Cohomology comes as a dual response to homology. Homology identifies the shape of a topological space by finding "holes". More concretely, looks objects without boundary that are not the boundary of anything (and therefore $H_k(X)=\text{ker }\partial_n/\text{im }\partial_{n+1}$, $\partial$ being the boundary operator)

Cohomology works completely different, at least in the beginning. Cohomology doesn't look for subspaces catching holes, instead assigns a value to each "subobject" in the space. Weird, isn't it? Let's come down to examples

Our first example is $\mathbb{R}^2$, in which we assign to each curve (oriented, with initial point and final point) the value of the horizontal projection. If the curve flows to the right, this value increases, and if it flows to the left, this value decreases. This is nice; this way, our assignment is additive and differentiable: if we split up the curve in multiple pieces, then it is the same computing the value of the initial curve or summing up all the contributions of the individual pieces So far so good. In fact, the previous example is dead simple; the curve itself is not very important, knowing the $x$-coordinates of the initial and final points is enough: its difference is the assigned value. This has immediate implications, namely that every closed curve is assigned a value of 0. Let's move to a less obvious example. We still work on $\mathbb{R}^2$, and we have a vector field, $f(x,y)=(y,0)$. We may think in the following assignment: to each curve $\gamma$, its assigned value is the line integral $\int_{\gamma}f$. In the picture we may appreciate that the value of the curve does not depend solely on the initial and final points, because curves that first go upwards and then go downwards have a positive line integral, while curves that first go downwards and then go upwards have a negative line integral. Moreover, in this case, a closed curve does not always have null line integral; in the picture, the small curve has a slightly negative line integral, because in the top it goes against the current, and in the bottom it goes with the current, but in the top the current is stronger A third example: in $\mathbb{R} ^2-{(0,0)}$ we considerate the assignment swept central angle. This example is somewhat similar to the first one. It just matters the initial angle and the final angle. So for a small closed curve, the swept angle is 0. But take care! The second picture has a curve that surrounds the origin and that sweeps an angle of $2\pi$, that's not what we thought for closed curves! But this can only happen when the space contain holes: we have assigned 0 for small closed curves, those that are the boundary of some small disc, but other values are allowed for other closed curves, those that perhaps are not the boundary of anything. It's like rating homological objects: 0 for for curves not surrounding the origin, $2\pi$ for curves surrounding it once, $4\pi$ for those surrounding it twice, and so on As discussed above, we would like our assignment to be additive. This way, it would be enough to value small pieces of curve, or small patches of surfaces, or small surfaces. That's a local valuation... and that's exactly what differential forms do in differentiable manifolds! Differential forms give a local valuation in each point and each direction The language of differential forms will make everything easier when working with cohomology. The assignment is just the integration of forms! The previous examples would use the 1-forms $\alpha_1=\mathrm{d} x$, $\alpha_2=y\mathrm{d} x$ and $\alpha_3=\frac{-y}{x^2+y^2}\mathrm{d} x+\frac{x}{x^2+y^2}\mathrm{d} y$ (the last one is not defined in the origin!) And this phenomenon of closed curves, having different values according to being the boundary of something... it all has to do with the exterior derivative $\mathrm{d}$ and Stokes Theorem. Think about it! In the first and third case, $\mathrm{d}(\alpha_1)=\mathrm{d}(\alpha_3)=0$, and this is why little curves are assigned a value of 0; $\alpha_1$ and $\alpha_3$ are said to be closed. $\mathrm{d}(\alpha_2)=-\mathrm{d} x\wedge \mathrm{d} y\neq 0$, so $\alpha_2$ is not closed. On the other hand, $\alpha_1$ is an exact form: $\alpha_1=\mathrm{d}(x)$, the function $x$ is the one to be evaluated in the initial and final points of the curve, and therefore closed curves, no matter how big, are always evaluated 0, because initial and final points match. $\alpha_3$ is not exact; it would be marvelous that $\alpha_3=\mathrm{d}(angle)$, but there is no such $angle$ function globally defined in $\mathbb{R} ^2-{(0,0)}$, we always have $2\pi$ steps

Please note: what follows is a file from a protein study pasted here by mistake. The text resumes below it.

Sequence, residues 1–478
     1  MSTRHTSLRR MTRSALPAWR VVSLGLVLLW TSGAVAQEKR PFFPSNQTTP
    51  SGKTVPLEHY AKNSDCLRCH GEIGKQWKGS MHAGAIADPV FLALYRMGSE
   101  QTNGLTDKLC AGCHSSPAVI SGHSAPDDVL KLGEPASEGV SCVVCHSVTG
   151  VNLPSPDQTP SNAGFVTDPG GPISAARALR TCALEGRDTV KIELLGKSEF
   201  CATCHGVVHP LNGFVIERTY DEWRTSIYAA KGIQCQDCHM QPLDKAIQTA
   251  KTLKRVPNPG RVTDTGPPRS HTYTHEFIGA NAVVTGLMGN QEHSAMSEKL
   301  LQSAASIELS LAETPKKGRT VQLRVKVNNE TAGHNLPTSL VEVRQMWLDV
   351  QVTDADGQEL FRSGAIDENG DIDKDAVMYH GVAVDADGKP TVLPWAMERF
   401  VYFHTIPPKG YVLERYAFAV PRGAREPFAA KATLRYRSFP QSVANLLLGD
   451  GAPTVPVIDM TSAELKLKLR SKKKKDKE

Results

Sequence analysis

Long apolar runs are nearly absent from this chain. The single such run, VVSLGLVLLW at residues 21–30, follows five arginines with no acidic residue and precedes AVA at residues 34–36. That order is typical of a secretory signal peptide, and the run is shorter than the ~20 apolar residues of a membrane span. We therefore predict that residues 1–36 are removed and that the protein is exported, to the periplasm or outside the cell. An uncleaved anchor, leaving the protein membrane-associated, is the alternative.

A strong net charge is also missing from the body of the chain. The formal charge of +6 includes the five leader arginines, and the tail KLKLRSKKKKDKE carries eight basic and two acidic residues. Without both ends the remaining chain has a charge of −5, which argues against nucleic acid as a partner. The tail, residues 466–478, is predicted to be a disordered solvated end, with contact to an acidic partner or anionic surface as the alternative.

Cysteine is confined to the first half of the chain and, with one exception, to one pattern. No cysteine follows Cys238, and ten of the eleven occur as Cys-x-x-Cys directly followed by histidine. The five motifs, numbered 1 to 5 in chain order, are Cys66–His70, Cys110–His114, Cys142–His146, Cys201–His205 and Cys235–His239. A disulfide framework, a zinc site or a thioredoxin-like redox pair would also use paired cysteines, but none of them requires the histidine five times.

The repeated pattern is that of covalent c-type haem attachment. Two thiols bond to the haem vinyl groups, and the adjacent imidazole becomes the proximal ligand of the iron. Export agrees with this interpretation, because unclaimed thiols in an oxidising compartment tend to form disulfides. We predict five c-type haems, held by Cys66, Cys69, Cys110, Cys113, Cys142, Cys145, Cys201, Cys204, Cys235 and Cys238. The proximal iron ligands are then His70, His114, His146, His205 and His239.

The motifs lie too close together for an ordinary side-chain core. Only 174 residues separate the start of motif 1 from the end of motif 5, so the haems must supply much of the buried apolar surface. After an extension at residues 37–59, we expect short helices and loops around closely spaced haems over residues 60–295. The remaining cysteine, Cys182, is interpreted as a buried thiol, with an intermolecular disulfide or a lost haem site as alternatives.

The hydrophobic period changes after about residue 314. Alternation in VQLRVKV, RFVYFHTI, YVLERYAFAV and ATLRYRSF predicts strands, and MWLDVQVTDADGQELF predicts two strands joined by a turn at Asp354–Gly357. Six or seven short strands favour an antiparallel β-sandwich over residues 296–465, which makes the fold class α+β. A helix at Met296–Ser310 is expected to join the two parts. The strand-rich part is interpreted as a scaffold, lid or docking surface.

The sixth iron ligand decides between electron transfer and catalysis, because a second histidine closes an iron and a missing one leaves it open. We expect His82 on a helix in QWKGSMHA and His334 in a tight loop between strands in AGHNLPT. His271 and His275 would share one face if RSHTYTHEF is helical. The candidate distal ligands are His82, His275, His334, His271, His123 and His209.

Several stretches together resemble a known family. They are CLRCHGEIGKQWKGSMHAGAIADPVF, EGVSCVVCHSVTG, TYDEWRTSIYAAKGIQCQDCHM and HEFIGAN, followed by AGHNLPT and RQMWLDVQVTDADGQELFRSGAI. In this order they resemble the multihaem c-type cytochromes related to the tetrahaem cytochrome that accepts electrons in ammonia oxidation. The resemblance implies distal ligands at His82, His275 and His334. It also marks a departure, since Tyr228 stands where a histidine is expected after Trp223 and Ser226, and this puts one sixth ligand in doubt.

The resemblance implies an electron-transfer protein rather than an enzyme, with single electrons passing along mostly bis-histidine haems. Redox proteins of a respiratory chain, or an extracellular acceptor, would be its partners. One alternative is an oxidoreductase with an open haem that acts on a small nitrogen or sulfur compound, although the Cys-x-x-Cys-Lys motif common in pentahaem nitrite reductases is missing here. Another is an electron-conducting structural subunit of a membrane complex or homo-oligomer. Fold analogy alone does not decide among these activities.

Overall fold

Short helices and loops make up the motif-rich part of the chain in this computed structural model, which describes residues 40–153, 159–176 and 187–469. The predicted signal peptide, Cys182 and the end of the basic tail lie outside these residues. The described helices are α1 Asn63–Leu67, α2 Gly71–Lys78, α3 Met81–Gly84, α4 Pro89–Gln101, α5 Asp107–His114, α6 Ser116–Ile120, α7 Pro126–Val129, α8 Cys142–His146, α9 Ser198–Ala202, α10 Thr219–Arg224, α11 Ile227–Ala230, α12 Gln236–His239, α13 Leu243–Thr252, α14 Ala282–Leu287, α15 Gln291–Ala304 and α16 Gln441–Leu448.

So in our cohomological search for holes, we have to find closed forms that are not exact. See the resemblance with the homology? We're looking for forms whose exterior derivative is zero that are not the exterior derivative of some other form. Matches exactly! In fact this resemblance is no more than duality, as will see later